“Bad temper is its own scourge. Few things are more bitter than to feel bitter. A man’s venom poisons himself more than his victim.” (Charles Buxton)
Boy, could I write a book about being cranky. It’s a miserable feeling to be in a bad mood all the time. For one thing, I think it is a vicious circle. You feel irritable, then you realize you’re irritable, which only makes it worse.
Also, it creates a toxic environment for those close to you. I just had a conversation about this with my husband this morning. You (meaning, me sometimes) need to realize how your crankiness affects your loved ones.
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It affects millions with anxiety, and with other mental illnesses as well.
My story of anxiety and irritability
I am one cranky piece of shit sometimes. Alright, back up. I can’t help it. At least, in the sense of, my irritability is a side effect of a mental illness that’s outside of my control. More about the ways in which I can help it later.
I was diagnosed with bipolar disorder in 2010, and one of the things that led me to be diagnosed was a drastic change in personality. I’ve always been a relatively tender and sensitive person. But in 2009, I became negatively tender. I think these personality traits are mostly strengths, but there is a point when they can be toxic.
I was so overly sensitive that it was making me see drama everywhere, and I began sabotaging relationships that were important to me. I feel so much shame from that time, because it was so needless. If only I’d recognized sooner what was going on.
I was also starting to be crankier with my, at the time, fiancé. We married in 2010, and over the past ten years, he has proven to be the most amazingly supportive partner I could ask for.
Where does anxiety play into all this?
You might not realize this, but anxiety and bipolar disorder can have a lot of similar symptoms. In fact, I have been wondering recently whether my initial bipolar diagnosis was even correct.
Racing thoughts? Check.
Feeling agitated? Check.
Feeling restless? Check.
But that’s a whole other blog post. Suffice it to say, that anxiety and irritability are grumpy little bedfellows.
How anxiety and irritability are linked
According to Healthline:
“When someone is feeling anxious, part of their sympathetic nervous system goes into overdrive. This kicks off a cascade of effects throughout the body, such as a racing pulse, sweaty palms, shaky hands and dry mouth. These symptoms occur because your brain believes you have sensed danger, and it is preparing your body to react to the threat. Your body shunts blood away from your digestive system and toward your muscles in case you need to run or fight. It also increases your heart rate and heightens your senses. While these effects would be helpful in the case of a true threat, they can be debilitating if the fear is all in your head.” (Cited sources: Generalized anxiety disorder & Anxiety and arousal)
So, basically, when you are feeling anxious, it causes a part of your brain to work harder than normal. It makes your body feel like it’s in danger, even in the absence of a legitimate threat.
For anyone who lives with irritability, that is an all too common feeling. When you get triggered, you can feel it. That feeling of needing to run, and react, before the thoughts catch up with you. It’s more commonly known as the Fight or Flight sensation. Your muscles tense. In my case, I sometimes feel a little light-headed.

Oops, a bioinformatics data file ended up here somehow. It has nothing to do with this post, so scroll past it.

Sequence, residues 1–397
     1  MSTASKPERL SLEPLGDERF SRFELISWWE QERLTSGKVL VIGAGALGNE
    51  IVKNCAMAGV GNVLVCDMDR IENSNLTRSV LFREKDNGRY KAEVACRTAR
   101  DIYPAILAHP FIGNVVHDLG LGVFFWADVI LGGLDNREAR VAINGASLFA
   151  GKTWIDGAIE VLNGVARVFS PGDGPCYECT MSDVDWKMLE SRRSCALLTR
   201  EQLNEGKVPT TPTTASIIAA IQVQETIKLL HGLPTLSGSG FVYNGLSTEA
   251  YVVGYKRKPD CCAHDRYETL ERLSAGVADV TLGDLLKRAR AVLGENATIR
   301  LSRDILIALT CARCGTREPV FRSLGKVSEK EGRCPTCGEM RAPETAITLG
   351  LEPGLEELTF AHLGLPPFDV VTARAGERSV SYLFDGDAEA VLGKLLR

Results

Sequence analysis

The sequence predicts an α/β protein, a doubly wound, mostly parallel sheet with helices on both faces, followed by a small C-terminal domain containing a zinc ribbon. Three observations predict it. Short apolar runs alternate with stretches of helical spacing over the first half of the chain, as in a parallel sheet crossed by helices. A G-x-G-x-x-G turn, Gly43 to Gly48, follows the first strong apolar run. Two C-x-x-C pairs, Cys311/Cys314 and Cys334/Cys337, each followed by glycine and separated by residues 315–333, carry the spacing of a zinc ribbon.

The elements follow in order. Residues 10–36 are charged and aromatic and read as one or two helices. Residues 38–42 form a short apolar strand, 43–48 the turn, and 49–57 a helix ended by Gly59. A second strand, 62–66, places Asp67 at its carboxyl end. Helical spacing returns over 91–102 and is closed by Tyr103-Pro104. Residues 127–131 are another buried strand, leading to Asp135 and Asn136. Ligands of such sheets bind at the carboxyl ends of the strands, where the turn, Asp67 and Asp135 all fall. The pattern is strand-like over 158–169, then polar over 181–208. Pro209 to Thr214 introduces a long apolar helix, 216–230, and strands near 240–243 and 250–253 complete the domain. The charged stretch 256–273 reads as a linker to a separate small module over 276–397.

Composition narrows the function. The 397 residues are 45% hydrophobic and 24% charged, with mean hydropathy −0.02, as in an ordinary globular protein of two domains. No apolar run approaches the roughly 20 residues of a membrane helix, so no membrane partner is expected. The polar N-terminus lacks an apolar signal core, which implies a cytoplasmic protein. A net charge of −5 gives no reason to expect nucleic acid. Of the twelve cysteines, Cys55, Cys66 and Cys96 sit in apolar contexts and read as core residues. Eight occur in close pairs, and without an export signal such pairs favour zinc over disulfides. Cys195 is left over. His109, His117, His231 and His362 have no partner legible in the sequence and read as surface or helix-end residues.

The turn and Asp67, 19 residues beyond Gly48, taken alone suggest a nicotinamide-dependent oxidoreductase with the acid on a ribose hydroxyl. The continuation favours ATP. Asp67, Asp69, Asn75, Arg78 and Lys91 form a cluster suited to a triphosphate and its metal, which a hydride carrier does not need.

So, remember, when you feel irritable, it’s not your fault. Your brain and body are simply reacting to your anxiety in a less than ideal way.
How to spot it in a friend
Maybe you’re not the anxious one. Maybe your friend is suffering from anxiety. As I mentioned in my previous post about anxiety, it is incredibly common. 40 million adults live in the United States live with anxiety per year, so it is likely that your friend is one of them.
Here are some common symptoms of irritability:
- racing heart
- fast breathing
If your friend has even one or more of these, they are possibly living with some form of irritability related to anxiety. Speaking from experience, these are awful feelings to live with, and they can be the reason that many anxious people find themselves isolating themselves when they’re unwell. They don’t want to be seen as cranky or unpleasant.
You can kick irritability to the curb
Remember about how earlier I said there are things you CAN do to control how irritable you are?
Yes, it’s not your fault that you have anxiety. But it is important to be in control of your health. Once you start to identify the symptoms you’re experiencing, you can begin to take action steps to improve them.
Luckily, there are things you can do to minimize the symptoms of your anxiety. For me, it is all about self care. I find that I am generally happier and react less quickly to stressors when I am getting regular and adequate self care.
There is a lot of information about self care out there these days. Some of it good, and some a little misleading. One important thing to keep in mind, is that self care needs to be personal to you. Every soul is different and needs different things. So, don’t try to force pedicures if they don’t make you feel more relaxed.
Maybe you’re like me and need a good true crime documentary binge in a dark room, alone.
Part of self care is making sure you are, surprise, taking care of yourself. Here are a few things you can try to help minimize your irritability.
- Cut down on caffeine
- Exercise more
- Start journaling
- Practice meditation
Whatever the case, just know that you are definitely not alone. Millions of people face anxiety and irritability, and it is possible to find relief.
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